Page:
Four Steps Nonprofits Can Take to Establishing Lasting Cause Marketing Relationships

This is a guest post by Ashley Halligan, an analyst at Software Advice. She regularly covers news and trends within the nonprofit sector and has had work featured on industry leading sites like GuideStar and NPTalk. Reach out to Ashley via Google+ or via email: [email protected].

Cause marketing relationships between nonprofit organizations (NPOs) and for-profit businesses (FPBs) have produced mutually beneficial synergies time and time again. The benefits of establishing lasting relationships between NPOs and FPBs can be significant–to both parties.

The nonprofit can advance its mission through association and sponsorship by a recognized business, without investing its own limited resources. The business can raise brand awareness, demonstrate social responsibility, and boost customer interest in its products or services. In fact, a 2010 Cone Inc. study cites that 80 percent of Americans are willing to switch brands—of equal quality and nature—if a brand supports a good cause.

But how does a nonprofit begin the search for a lasting relationship with a business? I spoke with several industry experts—from both NPOs and FPBs—to determine what steps a nonprofit organization should take to begin and ultimately achieve an enduring cause marketing relationship.

1) Assess Your Goals

Bruce Burtch, author of “Glowing Your Business,” asks, “Is the organization building a new facility, trying to add a new service, hosting an exhibition or an event, or simply trying to raise money for their organization?”

2) Develop a Shortlist of Potential Business Partners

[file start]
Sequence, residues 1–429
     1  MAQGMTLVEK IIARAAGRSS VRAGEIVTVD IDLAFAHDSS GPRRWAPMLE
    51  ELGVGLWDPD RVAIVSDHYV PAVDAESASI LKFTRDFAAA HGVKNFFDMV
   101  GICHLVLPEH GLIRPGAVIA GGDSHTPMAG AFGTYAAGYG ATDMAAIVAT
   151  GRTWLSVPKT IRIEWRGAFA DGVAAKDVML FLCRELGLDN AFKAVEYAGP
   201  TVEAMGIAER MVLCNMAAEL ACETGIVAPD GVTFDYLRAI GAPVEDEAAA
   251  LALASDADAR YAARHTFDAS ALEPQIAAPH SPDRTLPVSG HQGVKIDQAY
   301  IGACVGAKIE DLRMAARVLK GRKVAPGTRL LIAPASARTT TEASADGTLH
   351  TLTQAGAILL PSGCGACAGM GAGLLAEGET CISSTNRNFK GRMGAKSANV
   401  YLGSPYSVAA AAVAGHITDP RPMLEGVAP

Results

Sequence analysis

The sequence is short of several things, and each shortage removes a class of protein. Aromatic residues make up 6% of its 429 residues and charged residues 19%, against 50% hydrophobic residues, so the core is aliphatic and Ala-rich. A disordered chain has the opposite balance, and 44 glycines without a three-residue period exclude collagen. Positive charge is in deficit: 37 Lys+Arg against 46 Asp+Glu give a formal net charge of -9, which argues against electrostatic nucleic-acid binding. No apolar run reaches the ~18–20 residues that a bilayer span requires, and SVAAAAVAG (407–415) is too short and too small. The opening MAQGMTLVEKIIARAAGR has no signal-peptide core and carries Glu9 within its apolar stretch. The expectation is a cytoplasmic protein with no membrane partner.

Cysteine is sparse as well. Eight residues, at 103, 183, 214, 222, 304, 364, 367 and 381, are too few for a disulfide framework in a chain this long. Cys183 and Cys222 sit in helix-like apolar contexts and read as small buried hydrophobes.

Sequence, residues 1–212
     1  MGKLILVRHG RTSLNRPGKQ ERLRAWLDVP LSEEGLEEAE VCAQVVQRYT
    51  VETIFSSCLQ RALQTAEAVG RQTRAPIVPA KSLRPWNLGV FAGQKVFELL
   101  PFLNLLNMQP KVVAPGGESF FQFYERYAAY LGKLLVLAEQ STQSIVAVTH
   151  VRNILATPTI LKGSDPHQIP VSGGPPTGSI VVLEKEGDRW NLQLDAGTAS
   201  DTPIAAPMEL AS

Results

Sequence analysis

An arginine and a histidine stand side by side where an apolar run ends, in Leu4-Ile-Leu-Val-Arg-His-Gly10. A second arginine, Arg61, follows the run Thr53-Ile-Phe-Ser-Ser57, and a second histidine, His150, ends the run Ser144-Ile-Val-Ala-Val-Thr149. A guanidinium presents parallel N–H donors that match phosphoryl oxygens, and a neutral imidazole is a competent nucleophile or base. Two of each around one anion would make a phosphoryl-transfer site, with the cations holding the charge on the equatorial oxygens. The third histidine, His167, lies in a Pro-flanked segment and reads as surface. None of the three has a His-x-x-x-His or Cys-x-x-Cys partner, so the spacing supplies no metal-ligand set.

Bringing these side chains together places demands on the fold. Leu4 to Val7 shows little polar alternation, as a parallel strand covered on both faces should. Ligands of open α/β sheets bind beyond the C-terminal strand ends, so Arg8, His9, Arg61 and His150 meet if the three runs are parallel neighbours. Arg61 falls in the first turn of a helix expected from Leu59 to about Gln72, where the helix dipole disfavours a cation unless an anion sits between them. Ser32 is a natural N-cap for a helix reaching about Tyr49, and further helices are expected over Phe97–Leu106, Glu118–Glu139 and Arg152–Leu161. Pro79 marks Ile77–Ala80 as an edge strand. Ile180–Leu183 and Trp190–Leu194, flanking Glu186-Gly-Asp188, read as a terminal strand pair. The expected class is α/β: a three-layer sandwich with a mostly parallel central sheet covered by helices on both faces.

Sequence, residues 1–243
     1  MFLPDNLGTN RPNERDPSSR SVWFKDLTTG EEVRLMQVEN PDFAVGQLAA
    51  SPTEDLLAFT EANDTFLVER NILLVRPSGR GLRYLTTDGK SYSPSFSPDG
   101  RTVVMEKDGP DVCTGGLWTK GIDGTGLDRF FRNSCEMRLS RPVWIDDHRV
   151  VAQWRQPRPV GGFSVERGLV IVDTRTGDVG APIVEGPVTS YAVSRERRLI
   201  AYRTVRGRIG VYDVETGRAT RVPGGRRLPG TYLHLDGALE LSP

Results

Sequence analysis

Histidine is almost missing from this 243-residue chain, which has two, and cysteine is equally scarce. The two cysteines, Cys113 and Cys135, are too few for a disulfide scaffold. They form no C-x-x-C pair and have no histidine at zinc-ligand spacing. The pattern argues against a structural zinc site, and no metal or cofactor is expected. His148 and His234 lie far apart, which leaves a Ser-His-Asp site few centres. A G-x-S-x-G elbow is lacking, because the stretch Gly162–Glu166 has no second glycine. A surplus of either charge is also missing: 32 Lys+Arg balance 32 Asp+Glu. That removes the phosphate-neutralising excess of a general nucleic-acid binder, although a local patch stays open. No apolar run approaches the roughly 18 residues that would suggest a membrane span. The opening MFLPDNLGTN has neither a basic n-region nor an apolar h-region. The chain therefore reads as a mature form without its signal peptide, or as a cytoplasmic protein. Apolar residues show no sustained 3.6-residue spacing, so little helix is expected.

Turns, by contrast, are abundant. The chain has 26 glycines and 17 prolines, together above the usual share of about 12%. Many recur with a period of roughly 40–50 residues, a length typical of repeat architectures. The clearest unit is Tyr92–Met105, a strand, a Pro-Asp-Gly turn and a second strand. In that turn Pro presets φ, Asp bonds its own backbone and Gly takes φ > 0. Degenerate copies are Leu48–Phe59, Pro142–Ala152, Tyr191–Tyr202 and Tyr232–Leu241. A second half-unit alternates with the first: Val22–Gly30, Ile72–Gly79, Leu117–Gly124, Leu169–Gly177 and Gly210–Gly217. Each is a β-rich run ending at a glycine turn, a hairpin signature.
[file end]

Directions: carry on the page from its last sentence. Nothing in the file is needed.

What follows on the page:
Burtch says, “Search for organizations aligned with the mission and philosophy of the nonprofit.” As an example, he suggests, “If you are trying to build a homeless shelter, look for construction companies, architects, etc.”

3) Begin Some Conversations

Catherine Chapman, CFRE at Fullanthropy, says, “Clearly spell out how they will benefit from working with you. Be creative. Placing a banner ad on your event’s program or on your website is a meaningless ‘benefit.’ If you present it as a benefit, you’ll lose credibility with the prospective company.”

4) Initiate and Nurture the Relationship

Communicate openly and constantly. Demonstrate that there is an ROI. Chapman says, “Track as many benefits to the company you can—so you can prove a strong ROI.”

Today, cause marketing efforts have even more opportunity to gain visibility through social media platforms. Positive visibility can be rendered and quickly spread when a nonprofit organization or a for-profit business gains even a single mention, Tweet, comment, or publicity on a social media platform. Consider the near-immediate impact the announcement of a synergy between a NPO and FPB could have. Given the Cone study, customers highly value socially responsible companies.

How has your company or organization developed successful cause marketing campaigns? Share your experiences and suggestions below. Meanwhile, read the full story here.


Ashley Halligan

Ashley Halligan is a market analyst at Software Advice, an Austin-based consulting firm helping nonprofit organizations narrow down technology options. Ashley regularly covers news and trends within the nonprofit sector and has had work featured on industry leading sites like GuideStar and NPTalk.

January 24, 2013

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